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Percussionists from Indonesia giving a performance during the music festival. Photos courtesy of World Music Shanghai 2008

World-renowned groups such as Huun-Huur-Tu came together in Shanghai recently with unknown farmer musicians such as those of the Pumi ethnic group from Yunnan Province to present a kaleidoscopic view of music in the world.

World Music Shanghai 2008, held from April 30 to May 5, saw musicians from five foreign countries and five Chinese ethnic groups share the same stage at the first festival of world music in China.

"Much of our culture is passed down through drumming. When we play drums, we are showing our culture," says Ndikuriyo Terence, a player with the drum group Burundi Beat. "Other players were also showcasing their culture in their performances, and it felt like we were having some competition on stage."

Playing traditional Burundian drum music that is considered sacred and linked to regeneration and fertility, the 12-piece Burundi Beat energized the Shanghai Concert Hall on the first night of the festival.

"I was stunned by their drumbeats. I like to listen to loud rock music, but that cannot compare to the power of this music," says Shi Yang, a junior student from Shanghai University, after watching the Burundi Beat in action.

Khoomei, a form of singing that comes from Tuva, a small autonomous Russian republic on the Mongolian border, was the other major draw of the festival. The singers of Huun-Huur-Tu sang two parts - a bass part and an overtone in a higher pitch - at the same time. This technique is said to be based on the nomads' imitation of the wind whistling.

"Khoomei is a treasure of the Tuvan people. It is very much related to nature," says Sayan Bapa, a singer of Huun-Huur-Tu. "The Tuvan are a nomadic people. We live close to nature, hear the sounds of nature, and sing about nature."

Bapa used to play jazz and rock, but he found traditional Tuvan music deeper and more beautiful. In 1992, he co-founded Huun-Huur-Tu, which means "sunbeams", and has since taken Tuvan music all over the world.

Unlike professional musicians such as Huun-Huur-Tu, most musicians of the five Chinese groups who performed at World Music Shanghai still live as farmers, but the festival gave them an opportunity to present to Shanghai and the world their traditional music.

"I learned to sing as soon as I learned to speak. In our village we have choirs of different generations, from children to elderly people in their 70s or 80s," says Pan Peihua, a 24-year-old singer of the Dong people's choir from Xiaohuang, a village in Guizhou Province that is especially known for the singing of the "big songs"(da ge), a traditional multi-part a-cappella of the Dong people.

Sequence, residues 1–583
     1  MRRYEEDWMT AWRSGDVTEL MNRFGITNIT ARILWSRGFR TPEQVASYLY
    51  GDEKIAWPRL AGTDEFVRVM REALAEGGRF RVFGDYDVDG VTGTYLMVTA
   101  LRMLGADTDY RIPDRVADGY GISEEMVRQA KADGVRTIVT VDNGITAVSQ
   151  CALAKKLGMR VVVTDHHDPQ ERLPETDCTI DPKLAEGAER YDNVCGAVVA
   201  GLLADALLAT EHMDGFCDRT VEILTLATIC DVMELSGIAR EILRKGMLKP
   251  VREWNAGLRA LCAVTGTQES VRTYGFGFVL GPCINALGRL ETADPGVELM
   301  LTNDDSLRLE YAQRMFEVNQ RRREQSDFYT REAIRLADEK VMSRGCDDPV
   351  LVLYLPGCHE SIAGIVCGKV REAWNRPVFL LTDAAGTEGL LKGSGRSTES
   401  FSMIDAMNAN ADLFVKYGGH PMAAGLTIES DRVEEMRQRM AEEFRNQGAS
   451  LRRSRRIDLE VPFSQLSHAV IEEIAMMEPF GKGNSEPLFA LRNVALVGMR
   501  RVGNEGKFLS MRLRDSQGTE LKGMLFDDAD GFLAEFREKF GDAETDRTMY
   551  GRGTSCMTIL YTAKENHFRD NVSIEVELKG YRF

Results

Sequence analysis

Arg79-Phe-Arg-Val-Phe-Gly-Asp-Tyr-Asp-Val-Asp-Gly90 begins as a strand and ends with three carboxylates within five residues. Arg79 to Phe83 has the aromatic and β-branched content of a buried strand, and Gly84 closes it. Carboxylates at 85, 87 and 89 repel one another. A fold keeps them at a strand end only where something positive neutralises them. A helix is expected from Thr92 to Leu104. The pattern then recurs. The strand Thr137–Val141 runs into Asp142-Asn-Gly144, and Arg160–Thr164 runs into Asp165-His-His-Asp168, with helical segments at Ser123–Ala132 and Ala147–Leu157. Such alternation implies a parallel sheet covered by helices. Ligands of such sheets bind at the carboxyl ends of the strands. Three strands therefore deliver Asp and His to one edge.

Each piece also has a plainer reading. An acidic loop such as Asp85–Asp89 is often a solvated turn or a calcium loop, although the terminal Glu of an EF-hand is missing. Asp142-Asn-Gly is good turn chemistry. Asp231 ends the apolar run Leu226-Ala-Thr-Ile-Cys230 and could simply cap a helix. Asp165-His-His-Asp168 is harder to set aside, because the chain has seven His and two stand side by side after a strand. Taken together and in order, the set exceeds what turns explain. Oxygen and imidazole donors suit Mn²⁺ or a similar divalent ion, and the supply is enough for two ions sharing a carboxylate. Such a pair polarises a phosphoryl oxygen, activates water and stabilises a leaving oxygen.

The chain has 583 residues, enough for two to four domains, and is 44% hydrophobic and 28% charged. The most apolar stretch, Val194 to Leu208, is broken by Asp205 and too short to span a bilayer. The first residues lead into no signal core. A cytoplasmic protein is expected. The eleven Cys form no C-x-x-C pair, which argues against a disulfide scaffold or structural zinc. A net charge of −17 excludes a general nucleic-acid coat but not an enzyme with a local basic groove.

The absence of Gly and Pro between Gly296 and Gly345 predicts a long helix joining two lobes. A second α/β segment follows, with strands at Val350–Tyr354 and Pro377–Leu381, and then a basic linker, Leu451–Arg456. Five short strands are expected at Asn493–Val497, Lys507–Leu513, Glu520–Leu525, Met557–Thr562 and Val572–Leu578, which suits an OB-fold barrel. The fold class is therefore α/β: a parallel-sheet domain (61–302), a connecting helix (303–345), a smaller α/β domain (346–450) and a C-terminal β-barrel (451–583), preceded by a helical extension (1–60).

When the choir performed in Shanghai, they not only sang their songs, but also presented the context of those songs, such as farming and socializing.

Representing the Pumi people, one of the smallest ethnic groups in China with a population of only some 30,000, members of the Pumi Music Group are devoted to passing on their traditional music.

"Every time I tour to perform, I feel proud of my music. And when we return to our village, the others too feel proud of us," says Li Dongmei, a 21-year-old woman singer and kouxian (Jew's harp) player of the group.

Li says participating in the festival and performing on the same stage with musicians from other countries has encouraged her to continue playing Pumi music.

Besides performances, the festival also sparked exchange between musicians from different cultural backgrounds. Offstage, Iranian flute player Saied Shanbehzadeh demonstrated his flute techniques by playing to the Dolan musicians from Xinjiang Uygur autonomous region, while the Dolan musicians also tried gamelan instruments of the musicians from Indonesia.

Most Chinese musicians who performed at World Music Shanghai say they were not sure about the meaning of the term "world music", but Chen Zhe, a famous music producer and keen enthusiast of traditional music believes Chinese music will play an important role in world music.

"In 20 years, the whole world will come to China to look for music. In this part of the world, there are some virgin lands that produce beautiful music untouched by the outside world," he says.

The term "world music" became popular in the 1980s as a marketing device in the media and the music industry, and is generally used to classify traditional music of any culture created and played by indigenous musicians.

Chen believes "world music" refers not only to the various styles of traditional music, but also to the mixture of music that has both local elements and something in common for everybody to appreciate.

"People are always looking for communication, and only music can help realize communication between nation, through its sounds and emotions," he says.

For audiences in Shanghai, who are frequently exposed to music from the West, World Music Shanghai provided an opportunity to know about more music cultures in the world.

An event associated with the World Expo Shanghai, which will be held in 2010, World Music Shanghai will be held consecutively for three years. While this year's festival presented mostly traditional folk music, next year the festival will feature more fusion music.

(China Daily May 9, 2008)

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